Things You'll Need
Spark plug socket
Always clean the snowblower after use.
Disconnect the spark plug wire and place it away from the plug before starting any maintenance. Allow sufficient time for snowblower to cool before starting any maintenance.
Husqvarna produces a range of snowblowers designed to move snow using a two-stage auger and impeller system. Problems can occur, and it may be worth troubleshooting the blower yourself before making a potentially expensive service call. The various models have different specifications but all use the same basic system and the troubleshooting steps are applicable to each.
The Snowblower Won't Start
Turn the fuel shut-off valve to "Open" position.
Insert safety ignition key.
Fill fuel tank with gasoline.
Ensure "On/Off" switch is switched to "On."
Turn choke knob counterclockwise until it reaches "Full" position.
Push the primer twice if the temperature is between 15°F and 50°F. Push the primer four times if the temperature is lower than 15°F. You don't need to prime it if the temperature is above 50°F.
Ensure the spark plug wire connects securely. Tighten, if required, by pushing firmly on the connector cap.
Remove spark plug wires by pulling on the connector cap. Do not pull the wire itself. Remove the spark plug by using a wrench with a spark plug socket and turning clockwise. Insert a new spark plug and reconnect the wires.
Disconnect the fuel line under the tank and drain fuel into a suitable container. Clean the fuel line with cold water. When dry, reconnect the fuel line and refill the tank with fresh gasoline.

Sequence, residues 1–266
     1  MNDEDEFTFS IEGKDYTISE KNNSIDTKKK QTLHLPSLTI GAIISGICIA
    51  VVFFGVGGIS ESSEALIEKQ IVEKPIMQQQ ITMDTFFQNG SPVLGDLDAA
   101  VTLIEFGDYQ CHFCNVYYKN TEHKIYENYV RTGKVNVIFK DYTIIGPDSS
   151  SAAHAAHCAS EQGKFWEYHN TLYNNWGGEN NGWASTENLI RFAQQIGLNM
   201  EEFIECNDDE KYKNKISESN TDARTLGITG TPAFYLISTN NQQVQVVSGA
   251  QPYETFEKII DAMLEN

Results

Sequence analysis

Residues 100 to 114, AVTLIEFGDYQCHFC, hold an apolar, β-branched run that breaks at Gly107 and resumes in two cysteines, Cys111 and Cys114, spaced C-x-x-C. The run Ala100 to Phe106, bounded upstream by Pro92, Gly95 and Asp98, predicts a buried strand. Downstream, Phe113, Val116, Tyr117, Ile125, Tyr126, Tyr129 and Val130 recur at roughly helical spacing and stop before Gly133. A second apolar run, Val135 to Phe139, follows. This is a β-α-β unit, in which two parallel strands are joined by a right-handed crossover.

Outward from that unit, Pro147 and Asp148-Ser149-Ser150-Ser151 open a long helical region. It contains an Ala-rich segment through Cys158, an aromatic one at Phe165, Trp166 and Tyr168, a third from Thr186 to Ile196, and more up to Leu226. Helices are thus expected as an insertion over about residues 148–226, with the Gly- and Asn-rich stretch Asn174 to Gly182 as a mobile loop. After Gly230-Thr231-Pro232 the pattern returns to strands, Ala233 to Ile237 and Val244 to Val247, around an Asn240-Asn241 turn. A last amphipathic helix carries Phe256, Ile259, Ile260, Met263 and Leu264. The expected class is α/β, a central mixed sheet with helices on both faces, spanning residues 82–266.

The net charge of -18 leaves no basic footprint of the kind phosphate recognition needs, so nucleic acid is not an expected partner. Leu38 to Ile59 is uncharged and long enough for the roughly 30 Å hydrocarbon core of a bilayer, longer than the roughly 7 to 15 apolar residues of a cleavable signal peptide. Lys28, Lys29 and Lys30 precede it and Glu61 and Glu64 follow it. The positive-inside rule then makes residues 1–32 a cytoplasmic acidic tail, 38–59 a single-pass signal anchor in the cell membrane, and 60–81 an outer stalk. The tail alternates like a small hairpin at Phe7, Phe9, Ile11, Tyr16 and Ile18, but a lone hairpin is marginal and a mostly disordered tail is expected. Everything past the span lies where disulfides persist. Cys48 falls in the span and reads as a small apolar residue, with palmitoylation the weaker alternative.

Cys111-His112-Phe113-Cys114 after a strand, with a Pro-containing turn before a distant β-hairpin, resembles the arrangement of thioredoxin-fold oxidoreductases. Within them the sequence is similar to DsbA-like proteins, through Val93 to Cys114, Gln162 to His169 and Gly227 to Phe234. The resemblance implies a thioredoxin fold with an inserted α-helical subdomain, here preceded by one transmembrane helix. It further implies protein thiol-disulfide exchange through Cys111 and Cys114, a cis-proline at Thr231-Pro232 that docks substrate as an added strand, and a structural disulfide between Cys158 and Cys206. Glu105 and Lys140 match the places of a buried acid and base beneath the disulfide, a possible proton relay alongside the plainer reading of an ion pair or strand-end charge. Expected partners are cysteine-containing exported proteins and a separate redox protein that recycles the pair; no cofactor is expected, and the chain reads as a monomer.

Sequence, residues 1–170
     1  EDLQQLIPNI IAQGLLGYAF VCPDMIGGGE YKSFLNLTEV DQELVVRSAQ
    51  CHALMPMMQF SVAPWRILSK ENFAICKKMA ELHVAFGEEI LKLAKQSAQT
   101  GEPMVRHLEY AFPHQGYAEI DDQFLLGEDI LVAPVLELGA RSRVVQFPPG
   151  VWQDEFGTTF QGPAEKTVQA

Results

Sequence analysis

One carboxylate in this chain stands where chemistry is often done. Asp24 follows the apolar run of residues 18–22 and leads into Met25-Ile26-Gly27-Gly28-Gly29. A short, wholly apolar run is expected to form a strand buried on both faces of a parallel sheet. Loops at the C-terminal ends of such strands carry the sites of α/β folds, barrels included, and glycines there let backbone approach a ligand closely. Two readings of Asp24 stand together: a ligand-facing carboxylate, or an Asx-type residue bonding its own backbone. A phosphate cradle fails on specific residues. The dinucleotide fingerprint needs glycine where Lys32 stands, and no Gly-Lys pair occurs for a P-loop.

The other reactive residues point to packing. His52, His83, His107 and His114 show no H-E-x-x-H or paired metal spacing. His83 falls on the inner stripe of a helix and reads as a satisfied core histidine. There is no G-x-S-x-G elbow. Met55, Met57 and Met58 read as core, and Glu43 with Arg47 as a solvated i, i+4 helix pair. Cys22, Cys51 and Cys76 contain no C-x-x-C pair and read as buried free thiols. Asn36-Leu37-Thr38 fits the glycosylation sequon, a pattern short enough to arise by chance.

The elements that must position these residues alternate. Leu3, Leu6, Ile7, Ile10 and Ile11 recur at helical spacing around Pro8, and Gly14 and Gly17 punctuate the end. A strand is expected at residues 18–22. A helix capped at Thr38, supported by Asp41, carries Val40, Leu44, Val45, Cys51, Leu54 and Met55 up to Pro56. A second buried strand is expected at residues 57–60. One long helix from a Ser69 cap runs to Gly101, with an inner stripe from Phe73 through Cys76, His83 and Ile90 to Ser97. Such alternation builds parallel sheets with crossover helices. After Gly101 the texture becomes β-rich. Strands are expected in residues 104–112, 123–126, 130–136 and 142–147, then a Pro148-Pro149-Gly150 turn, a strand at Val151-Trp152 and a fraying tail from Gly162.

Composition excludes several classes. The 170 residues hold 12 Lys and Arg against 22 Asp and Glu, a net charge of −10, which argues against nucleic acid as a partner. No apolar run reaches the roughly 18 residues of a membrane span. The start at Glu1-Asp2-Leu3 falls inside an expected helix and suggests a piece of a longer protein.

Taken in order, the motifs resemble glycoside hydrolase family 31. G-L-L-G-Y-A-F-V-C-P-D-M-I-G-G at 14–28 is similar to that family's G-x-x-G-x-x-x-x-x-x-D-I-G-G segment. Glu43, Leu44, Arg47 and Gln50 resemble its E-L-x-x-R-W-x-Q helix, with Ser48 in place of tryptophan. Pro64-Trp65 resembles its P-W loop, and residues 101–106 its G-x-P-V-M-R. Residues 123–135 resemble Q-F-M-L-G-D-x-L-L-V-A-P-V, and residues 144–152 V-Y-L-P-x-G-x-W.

Grasp the recoil starter handle and slowly pull as much rope out of the starter as possible. Release the handle and let it snap back against the starter.
The Snowblower Starts but Operation is Impaired
Remove any ice and snow from on or around the fuel cap.
Clean the muffler and remove any debris from the augers, impeller and snow chute.
Turn choke off by turning knob clockwise until it reaches the "Off" position.
Check to see if the auger or drive belts are worn or have slipped off their pulleys. Replace or reinstall the belts, if required, by following the steps below.
Replacing the Auger and Drive Belts
Drain gasoline from the fuel tank. Loosen the locknut securing the chute rotator head to its mounting head. Lift the chute rotator head and remove the discharge chute. Remove belt cover by unscrewing the two screws connecting it to the frame. Remove the bolt securing the outside pulley to the engine crankshaft. Then remove the pulley from the crankshaft. Remove the two bolts holding the auger housing and frame together while your assistant holds the handles with the snowblower in the operating position. Carefully pull the auger housing and frame apart.
Remove the auger belt from the auger pulley. Insert a 3/8" ratchet into the square hole in the idler arm and rotate clockwise to relieve tension. Remove the drive belt from the drive pulley.
Put a new auger belt on the auger pulley and a new drive belt on the drive pulley, being sure to seat both in the pulley grooves.
Bring the auger housing and frame together and replace the two connecting bolts. Bring the auger pulley and crankshaft together and replace the connecting bolt. Attach the belt cover with the two connecting screws.
Position discharge chute on top of chute base with the discharge opening facing the front of the snowblower. Position chute rotator head over chute bracket and secure to the mounting head with the locknut.
Paul Travers has worked as a freelance journalist since 1990. He has worked primarily for "Kerrang!," the U.K.'s leading rock magazine, but he has also published online content and in print publications worldwide, from "MusikExpress" in Germany to "Smash Hits" in Australia. Travers holds a Bachelor of Arts in journalism and media studies from the University of Central Lancashire.